Hello, I’m Chef Kevin Mitchell of the Culinary Institute of Charleston. I am spokesman for the team of chefs who prepared tonight’s banquet for you, and I’m also appointed to stand as representative of our culinary forefather Nat Fuller. As you know, all of the dishes you will taste tonight come from his menus and are served in the style true to his banquets 150 years ago.
I’ve wondered what Nat Fuller would have said to the company assembled at the Bachelor’s Retreat at the end of the Civil War. I think he may have said something like this:
“All things are ready, come to the feast!
Come, for the table now is spread;
Ye famishing, ye weary, come
And thou shalt be richly fed.”
Welcome, friends and guests. I am sure many of you are looking around this table and seeing new and unexpected faces. But I remember that the Lord says that many who sit down at the banquet table in heaven will be the Father’s unexpected guests. We can do no better than to follow his example when it comes to hospitality.
These have not been hospitable times. Strife and sorrow have held the upper hand. For a long season, people have expressed themselves through violence.
War has never been my work.
My study has always been how to make people enjoy the times they share together. It is ancient custom that once people at the same table share bread and salt, they shall do no harm to one another. It is a matter of some pride to me that my work has always been to supply the bread and salt that makes peace break out.
I do more than that. I prepare dishes whose deliciousness makes pleasure go around the table. Tonight there is a particular pleasure, a particular taste that’s featured—the taste of liberty. I suspect that some here at this table have not tasted in their lives a food that was not produced by people in bondage. Everything here, however, was produced by free persons who received just compensation for their toils. I don’t know about you—for me, it just makes the food taste somehow better.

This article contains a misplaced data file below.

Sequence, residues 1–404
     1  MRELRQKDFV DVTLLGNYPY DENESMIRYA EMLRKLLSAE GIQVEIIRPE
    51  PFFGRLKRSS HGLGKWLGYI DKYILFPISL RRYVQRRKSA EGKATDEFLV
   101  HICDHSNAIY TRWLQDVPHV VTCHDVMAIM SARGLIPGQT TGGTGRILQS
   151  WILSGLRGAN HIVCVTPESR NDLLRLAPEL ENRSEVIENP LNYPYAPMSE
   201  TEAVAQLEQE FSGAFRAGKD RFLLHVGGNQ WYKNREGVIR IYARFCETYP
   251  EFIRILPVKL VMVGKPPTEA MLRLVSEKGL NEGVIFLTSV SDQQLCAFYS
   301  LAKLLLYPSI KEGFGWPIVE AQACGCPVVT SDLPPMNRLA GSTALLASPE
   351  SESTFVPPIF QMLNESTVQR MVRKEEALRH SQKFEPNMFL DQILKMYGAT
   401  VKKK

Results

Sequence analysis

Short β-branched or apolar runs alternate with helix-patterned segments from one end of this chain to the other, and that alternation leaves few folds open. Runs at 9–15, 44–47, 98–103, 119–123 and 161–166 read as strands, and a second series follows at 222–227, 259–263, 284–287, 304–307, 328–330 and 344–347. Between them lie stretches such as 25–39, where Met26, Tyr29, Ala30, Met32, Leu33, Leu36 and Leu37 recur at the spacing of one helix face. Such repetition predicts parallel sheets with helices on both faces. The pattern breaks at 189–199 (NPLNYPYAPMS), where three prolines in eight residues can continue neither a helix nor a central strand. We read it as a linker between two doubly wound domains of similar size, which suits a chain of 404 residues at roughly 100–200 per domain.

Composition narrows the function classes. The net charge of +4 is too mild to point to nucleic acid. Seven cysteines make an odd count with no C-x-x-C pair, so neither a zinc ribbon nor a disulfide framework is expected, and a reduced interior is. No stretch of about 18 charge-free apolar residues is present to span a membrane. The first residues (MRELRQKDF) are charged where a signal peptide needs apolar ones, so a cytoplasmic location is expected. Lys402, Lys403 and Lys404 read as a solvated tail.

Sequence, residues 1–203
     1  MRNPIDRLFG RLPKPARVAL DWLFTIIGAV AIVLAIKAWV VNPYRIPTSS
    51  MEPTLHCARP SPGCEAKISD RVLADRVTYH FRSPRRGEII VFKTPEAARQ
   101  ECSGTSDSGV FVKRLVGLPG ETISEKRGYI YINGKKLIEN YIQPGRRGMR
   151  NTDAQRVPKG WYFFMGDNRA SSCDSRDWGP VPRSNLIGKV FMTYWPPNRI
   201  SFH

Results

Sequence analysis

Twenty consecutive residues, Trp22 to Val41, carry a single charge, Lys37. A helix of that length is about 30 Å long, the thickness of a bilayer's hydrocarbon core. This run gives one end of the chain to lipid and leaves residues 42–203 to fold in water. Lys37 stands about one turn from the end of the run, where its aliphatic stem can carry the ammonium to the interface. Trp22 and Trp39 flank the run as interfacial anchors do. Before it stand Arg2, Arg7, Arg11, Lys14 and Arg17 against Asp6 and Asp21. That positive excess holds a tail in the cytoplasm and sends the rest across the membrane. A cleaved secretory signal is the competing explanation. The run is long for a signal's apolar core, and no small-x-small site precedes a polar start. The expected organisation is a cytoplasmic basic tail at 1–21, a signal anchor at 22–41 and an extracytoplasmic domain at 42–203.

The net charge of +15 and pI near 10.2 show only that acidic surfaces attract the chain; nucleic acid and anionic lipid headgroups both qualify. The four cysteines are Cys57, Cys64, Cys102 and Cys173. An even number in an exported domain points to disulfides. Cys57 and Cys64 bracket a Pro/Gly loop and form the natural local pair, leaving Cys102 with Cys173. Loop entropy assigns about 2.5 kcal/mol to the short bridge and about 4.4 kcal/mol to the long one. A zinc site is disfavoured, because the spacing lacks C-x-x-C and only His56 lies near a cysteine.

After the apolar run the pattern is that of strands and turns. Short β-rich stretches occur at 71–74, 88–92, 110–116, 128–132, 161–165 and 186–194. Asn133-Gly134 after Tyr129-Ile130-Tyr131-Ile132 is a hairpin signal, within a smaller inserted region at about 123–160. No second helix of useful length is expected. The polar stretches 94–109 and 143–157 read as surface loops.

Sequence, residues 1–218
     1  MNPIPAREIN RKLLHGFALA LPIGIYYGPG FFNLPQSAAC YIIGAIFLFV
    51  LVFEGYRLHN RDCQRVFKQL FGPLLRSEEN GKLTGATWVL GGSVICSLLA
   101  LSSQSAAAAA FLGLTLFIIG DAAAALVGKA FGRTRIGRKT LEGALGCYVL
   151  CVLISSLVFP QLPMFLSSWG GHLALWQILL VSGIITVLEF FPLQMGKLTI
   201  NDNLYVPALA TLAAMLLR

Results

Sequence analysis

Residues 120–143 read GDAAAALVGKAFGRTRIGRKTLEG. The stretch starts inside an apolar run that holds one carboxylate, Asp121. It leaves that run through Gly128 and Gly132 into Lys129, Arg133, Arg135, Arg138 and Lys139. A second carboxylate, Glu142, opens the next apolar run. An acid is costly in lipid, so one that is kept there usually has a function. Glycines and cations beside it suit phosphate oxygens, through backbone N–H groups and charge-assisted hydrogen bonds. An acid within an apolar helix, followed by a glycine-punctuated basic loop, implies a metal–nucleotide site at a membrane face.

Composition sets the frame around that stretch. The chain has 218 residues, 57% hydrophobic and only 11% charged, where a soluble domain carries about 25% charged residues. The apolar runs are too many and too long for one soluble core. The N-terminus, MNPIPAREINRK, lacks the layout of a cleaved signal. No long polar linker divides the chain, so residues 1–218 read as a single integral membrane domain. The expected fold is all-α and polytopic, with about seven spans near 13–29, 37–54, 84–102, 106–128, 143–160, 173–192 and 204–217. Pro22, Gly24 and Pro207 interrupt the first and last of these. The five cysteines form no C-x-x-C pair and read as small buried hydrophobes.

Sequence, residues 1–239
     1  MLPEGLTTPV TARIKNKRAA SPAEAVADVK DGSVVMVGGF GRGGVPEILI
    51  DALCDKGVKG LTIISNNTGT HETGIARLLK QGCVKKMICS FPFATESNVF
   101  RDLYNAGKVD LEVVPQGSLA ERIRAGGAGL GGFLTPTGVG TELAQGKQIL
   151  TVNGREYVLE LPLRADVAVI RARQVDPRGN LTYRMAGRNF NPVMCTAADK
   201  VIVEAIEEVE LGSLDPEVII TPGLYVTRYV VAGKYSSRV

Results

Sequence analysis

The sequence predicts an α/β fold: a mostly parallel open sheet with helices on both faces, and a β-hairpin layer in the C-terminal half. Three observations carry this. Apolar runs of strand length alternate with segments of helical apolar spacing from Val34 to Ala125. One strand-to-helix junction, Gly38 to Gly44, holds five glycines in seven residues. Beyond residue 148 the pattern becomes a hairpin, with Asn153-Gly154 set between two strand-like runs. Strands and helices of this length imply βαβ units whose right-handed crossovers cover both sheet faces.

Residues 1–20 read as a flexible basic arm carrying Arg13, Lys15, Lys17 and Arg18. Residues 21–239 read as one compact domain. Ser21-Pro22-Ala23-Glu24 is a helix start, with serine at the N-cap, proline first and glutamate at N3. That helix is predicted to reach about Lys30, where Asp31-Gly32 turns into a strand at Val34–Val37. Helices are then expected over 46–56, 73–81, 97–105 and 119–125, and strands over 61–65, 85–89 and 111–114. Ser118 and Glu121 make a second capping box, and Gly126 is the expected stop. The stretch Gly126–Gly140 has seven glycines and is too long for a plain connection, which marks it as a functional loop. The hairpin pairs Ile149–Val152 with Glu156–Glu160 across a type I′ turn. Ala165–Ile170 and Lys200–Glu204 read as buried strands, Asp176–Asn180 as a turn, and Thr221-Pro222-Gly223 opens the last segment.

Friends, I’m not here to give a lecture or to teach you how to talk with one another. We have had lessons. Now is the time to talk with your neighbor, make a new friend, or hear someone tell his or her story. Of course at the end of the evening, when we bring dessert there will be toasts. Anyone then is free to stand and speak a sentence from the heart.
My mentor, my teacher Eliza Seymour Lee could not be present. But her great-great-granddaughter Robin Lee Griffith is here. Would you come and receive my hand in gratitude?
Tonight you shall taste the most celebrated dishes from my repertoire. I could not have offered them to you without the support of my colleagues, Chef Sean Brock, Chef B. J. Dennis, Chef Michael Carmel, and Chef Forrest Parker, and the faculty and students of the Culinary Institute of Charleston.
I have pressing work in the kitchen. I will return when it is time to issue the toasts. Until that time let me speak a benediction.
Dear Father, bless the people in this room, both guests and servers. Give the diners here health and pleasure from the food we serve. Give them appreciation of the peace of this time and place.
Keep the pains and evils of the world distant from us here.
Give us kindness, hope, and wisdom.
May peace, grace, and love be your portion until we enjoy your hospitality in heaven.
This article originally appeared in issue 15.4 (Summer, 2015).
Kevin E. Mitchell, CEC, CFSE, ACE chef instructor, Culinary Institute of Charleston studies the history of African American chefs and southern foodways. He oversaw the recreation of the famed African American chef Nat Fuller’s reconciliation dinner held in Charleston in 1865.